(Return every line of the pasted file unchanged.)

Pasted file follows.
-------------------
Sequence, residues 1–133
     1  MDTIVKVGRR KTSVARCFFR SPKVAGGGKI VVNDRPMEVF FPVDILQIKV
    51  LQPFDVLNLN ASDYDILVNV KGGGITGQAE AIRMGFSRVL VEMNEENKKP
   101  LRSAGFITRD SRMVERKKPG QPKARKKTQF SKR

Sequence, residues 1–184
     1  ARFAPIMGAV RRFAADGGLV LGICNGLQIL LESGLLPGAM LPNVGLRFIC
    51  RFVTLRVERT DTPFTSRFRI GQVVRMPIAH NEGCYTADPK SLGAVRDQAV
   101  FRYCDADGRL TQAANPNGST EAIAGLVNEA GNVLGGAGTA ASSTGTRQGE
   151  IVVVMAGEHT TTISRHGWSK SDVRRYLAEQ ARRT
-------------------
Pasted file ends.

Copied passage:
Sequence, residues 1–133
     1  MDTIVKVGRR KTSVARCFFR SPKVAGGGKI VVNDRPMEVF FPVDILQIKV
    51  LQPFDVLNLN ASDYDILVNV KGGGITGQAE AIRMGFSRVL VEMNEENKKP
   101  LRSAGFITRD SRMVERKKPG QPKARKKTQF SKR

Sequence, residues 1–184
     1  ARFAPIMGAV RRFAADGGLV LGICNGLQIL LESGLLPGAM LPNVGLRFIC
    51  RFVTLRVERT DTPFTSRFRI GQVVRMPIAH NEGCYTADPK SLGAVRDQAV
   101  FRYCDADGRL TQAANPNGST EAIAGLVNEA GNVLGGAGTA ASSTGTRQGE
   151  IVVVMAGEHT TTISRHGWSK SDVRRYLAEQ ARRT